This is very confusing.
I used Mactheripper to create a folder that has:
1. An empty Audio _TS file,
2. The Video_TS file with the dvd data.
After burning the folder on dvd it will play on the mac dvd player when I access the Video_TS file but will not play on any DVD player.
When I load the Video_TS file into ffmpegx it plays with preview, but I can not get it to encode for me a DVD file that I can burn for dvd players.
How do I do this?
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OK, now I am really confused. The DVD I am trying to make a copy of has on it:
VIDEO_TS File, and an empty AUDIO_TS file.
It plays on all players.
I used Disk Utility to make a exact copy of the disk and burnt it.
So both DVD's have exactly the same files. They look the same, and all the files are in the same order when viewed.
However, the new DVD will not play on the DVD players.
I had thought that ffmpegx would encode the VIDEO_TS folder into an DVDmpeg2 playable file, but when enabled the program just keeps processing, never finishes.
What do I need to do to make a playable DVD from the source DVD (not protected)
I have the Burn Program but I don't think it will do anything different and I keep wasting blank DVD's.
DVD players don't often play .mpg files so there is no point in converting any of the .VOB files in the VIDEO_TS folder to an .mpg.
There is more involved in burning a DVD than just getting the files on a DVD disc. They must be on the disc in the right order (which is not necessarily the same order you see on your computer), and in the right physical location on the disc. Disc Utility will not work for that. Try Burn.
[Edit]You need VIDEO_TS not just the files inside, and it won't hurt to add AUDIO_TS to the list. Burn should have a setting for making a playable DVD from those two folders.
Last edited by usually_quiet; 22nd Nov 2011 at 19:06.
Burn gives me 4 choices.
1. Data where I can choose DVD UDF
3. Video where I can choose DVD-video
So I should drag the AUDIO_TS, and VIDEO_TS file into burn and burn as a DVD-video, yes?
What should I name the new DVD? Are there any restrictions?
RL - You need to choose #3. There are name restrictions but I don't remember what they are. If you stay below something like 16 characters and just restrict yourself to letters, numbers and underline you should be fine.
Also, by any chance are you trying to burn to dual layer media instead of single layer? The reason I am asking is that my iMac has an Optiarc burner and the damn thing will NOT under any circumstances burn to DL discs (I only use Verbatim DVD+R DL by the way) without making a coaster about 60% of the way through the burn. I even tried using ImgBurn under Windows in a VM and it still failed.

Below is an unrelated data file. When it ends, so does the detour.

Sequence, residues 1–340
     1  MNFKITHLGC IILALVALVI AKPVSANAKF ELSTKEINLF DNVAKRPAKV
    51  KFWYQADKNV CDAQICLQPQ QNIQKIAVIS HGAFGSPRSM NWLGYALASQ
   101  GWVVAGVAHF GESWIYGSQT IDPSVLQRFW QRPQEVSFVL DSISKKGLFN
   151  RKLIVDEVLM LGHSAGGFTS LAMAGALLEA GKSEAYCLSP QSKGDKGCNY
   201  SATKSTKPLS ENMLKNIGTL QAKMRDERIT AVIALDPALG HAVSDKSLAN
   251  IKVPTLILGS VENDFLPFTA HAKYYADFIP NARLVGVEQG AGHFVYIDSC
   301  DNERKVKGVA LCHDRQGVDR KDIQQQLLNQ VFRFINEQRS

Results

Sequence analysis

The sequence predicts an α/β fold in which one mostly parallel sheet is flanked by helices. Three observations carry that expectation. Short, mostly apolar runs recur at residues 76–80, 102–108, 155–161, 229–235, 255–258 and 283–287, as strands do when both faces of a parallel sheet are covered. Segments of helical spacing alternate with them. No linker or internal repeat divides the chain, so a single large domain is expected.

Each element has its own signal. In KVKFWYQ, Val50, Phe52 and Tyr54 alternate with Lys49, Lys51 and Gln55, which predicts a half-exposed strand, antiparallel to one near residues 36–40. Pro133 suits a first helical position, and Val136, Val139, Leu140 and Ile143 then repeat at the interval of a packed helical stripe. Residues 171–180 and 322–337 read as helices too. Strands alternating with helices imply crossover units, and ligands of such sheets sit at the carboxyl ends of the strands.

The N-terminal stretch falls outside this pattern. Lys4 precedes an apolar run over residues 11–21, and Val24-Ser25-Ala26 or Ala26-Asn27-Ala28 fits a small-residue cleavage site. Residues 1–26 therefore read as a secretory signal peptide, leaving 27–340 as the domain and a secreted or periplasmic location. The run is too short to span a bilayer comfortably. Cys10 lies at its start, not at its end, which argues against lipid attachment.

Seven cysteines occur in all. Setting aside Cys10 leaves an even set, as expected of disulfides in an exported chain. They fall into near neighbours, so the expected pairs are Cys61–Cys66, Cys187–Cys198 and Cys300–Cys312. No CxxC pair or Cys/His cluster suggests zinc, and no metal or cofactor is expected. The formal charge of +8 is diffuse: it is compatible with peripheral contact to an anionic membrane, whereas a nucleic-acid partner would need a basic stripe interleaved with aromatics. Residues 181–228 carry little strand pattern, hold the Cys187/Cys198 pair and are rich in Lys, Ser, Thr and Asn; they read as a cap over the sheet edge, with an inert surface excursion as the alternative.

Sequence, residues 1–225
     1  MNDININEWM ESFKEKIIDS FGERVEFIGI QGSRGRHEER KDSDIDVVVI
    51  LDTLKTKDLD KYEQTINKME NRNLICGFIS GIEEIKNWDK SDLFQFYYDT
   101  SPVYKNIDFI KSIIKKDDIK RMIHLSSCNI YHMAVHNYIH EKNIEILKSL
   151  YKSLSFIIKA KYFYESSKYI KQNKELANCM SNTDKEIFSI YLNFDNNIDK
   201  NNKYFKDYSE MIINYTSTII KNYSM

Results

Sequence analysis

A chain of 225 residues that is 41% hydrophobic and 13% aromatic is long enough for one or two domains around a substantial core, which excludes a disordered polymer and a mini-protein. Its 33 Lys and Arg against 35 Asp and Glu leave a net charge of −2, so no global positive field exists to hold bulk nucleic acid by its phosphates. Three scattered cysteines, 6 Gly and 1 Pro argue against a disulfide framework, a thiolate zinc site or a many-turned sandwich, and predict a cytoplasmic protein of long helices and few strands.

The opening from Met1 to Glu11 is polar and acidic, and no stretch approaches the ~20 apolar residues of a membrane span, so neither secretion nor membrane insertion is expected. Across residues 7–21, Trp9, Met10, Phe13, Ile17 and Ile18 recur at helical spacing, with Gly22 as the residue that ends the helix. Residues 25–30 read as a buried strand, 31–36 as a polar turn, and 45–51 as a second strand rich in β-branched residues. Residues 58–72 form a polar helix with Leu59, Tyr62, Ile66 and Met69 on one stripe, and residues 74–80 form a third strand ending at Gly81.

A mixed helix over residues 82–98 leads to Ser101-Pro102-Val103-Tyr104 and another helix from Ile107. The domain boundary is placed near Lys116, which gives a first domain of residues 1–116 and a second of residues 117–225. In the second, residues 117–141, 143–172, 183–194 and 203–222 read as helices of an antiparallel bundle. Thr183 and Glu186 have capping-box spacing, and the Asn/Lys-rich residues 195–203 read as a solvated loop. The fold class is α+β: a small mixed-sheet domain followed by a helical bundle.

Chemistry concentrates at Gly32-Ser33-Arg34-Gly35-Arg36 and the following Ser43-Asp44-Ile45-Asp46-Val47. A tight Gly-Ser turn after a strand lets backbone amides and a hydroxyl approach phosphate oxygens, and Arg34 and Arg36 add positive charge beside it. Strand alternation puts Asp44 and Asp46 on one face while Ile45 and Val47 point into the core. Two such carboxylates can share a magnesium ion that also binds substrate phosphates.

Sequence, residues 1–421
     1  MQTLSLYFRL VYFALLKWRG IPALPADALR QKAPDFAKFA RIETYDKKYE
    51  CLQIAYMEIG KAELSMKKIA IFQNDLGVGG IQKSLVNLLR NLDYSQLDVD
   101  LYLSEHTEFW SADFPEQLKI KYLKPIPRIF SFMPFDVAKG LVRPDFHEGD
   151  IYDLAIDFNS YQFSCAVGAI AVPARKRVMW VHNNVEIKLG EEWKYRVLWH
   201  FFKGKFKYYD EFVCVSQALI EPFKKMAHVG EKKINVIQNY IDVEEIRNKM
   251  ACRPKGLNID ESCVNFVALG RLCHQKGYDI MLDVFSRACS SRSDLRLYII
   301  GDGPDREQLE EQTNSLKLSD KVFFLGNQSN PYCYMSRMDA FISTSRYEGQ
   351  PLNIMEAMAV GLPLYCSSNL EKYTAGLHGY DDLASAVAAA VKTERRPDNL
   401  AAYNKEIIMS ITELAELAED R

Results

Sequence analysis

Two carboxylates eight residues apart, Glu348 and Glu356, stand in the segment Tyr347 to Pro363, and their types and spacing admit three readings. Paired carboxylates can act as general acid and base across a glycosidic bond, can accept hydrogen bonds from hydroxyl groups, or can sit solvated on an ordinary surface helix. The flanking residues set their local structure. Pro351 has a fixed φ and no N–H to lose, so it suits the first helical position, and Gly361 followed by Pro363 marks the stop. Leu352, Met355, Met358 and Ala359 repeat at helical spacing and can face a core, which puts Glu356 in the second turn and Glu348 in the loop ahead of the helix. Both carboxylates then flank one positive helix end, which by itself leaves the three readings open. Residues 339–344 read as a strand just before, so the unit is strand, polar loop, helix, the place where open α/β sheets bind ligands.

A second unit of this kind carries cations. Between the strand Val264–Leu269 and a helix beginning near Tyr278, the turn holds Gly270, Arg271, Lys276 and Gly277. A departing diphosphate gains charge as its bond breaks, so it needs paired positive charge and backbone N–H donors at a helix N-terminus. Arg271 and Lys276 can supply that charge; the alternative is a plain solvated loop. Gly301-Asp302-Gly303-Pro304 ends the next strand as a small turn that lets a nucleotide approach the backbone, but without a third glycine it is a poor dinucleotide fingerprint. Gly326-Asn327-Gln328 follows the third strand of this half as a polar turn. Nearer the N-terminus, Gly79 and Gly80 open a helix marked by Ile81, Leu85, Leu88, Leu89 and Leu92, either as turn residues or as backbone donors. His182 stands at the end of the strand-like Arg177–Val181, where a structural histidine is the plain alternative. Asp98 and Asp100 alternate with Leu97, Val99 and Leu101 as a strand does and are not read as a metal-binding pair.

Ok, little quiz..
What's the difference between?:
A) a 16bit, 44.1kHz, stereo, LPCM wav file of a song on CDROM; or
B) a CD track of the same song
C) an MPEG2(MP @ ML), 720x480 8Mbps video + ac3 5.1 ch, 192kbps audio of a movie on DVD-ROM; or
D) a 1stplay DVD-Video disc of the same movie
The answer is that those former choices are GENERIC-application media files, whereas the latter choices are AUTHORED, C.E.-Platform-specific-application media files.
To get from the former to the latter, one has to take those former files and AUTHOR them with a program that complies with that specific C.E. (consumer electronic) standard.
When you say you want to copy a disc, you shouldn't be decrypting, ripping-to files/folders, reauthoring, and burning. You should be decrypting, ripping to discimage, and burning.
By discimage, I mean ISO-type file.
This retains the already-existing authoring layout/metadata.
If you want just the GENERIC-application type file, you just need to decrypt+rip. But you must understand that those won't be as fully supported by C.E. devices as correctly authored files.
If you DO want to copy & reauthor, you need to take the actual, ripped authored media files and first unwrap them from their authored environs, then use the newly GENERIC-application mediafiles as the source(s) for re-authoring.
Your mention of VIDEO_TS and AUDIO_TS makes me wonder, as that usually is just referring to the FOLDERS, no the files in question. See "What is DVD?" for a little more understanding on which file(s) to use.
Scott"When will the rhetorical questions end?!" - George Carlin
2/ If a VIDEO_TS folder plays in a software player, but not on a set top player, then I suspect the process went wrong with the file system.
The DVD-Video format wants the UDF v1.0.2 file system, which is not an option when burning with the disc burning tools in the OS.
There are third party tools that can make disc image files with the UDF file system. The Img tool in ffmpegX is one such app. Once you have a disc image, it doesn't matter which burning software you use to transfer that to disc, concerning the file system.
I agree a disc image produced by the ripper would be the way to go when making an exact copy of the DVD. However if the OP only has a VIDEO_TS folder for some reason, the directions provided on Burn's website should work.
I have burned a hundred DVDs using VIDEO_TS folders that I have authored myself and they play just fine. Although I use other burning software on a Windows machine, there is no reason why OSX software can't perform the same task correctly too.
Last edited by usually_quiet; 23rd Nov 2011 at 08:22. Reason: clarity
How to make a DVD that will play on dvd players?
once you have valid mpg stream for any DVD Authoring s/ws like DVD Studio Pro or Free SmallDVD will produce DVD that will be played flawless in any DVD Player.
Here is DVD Video Specs on VideoHelp.
Last edited by Bonie81; 23rd Nov 2011 at 12:01.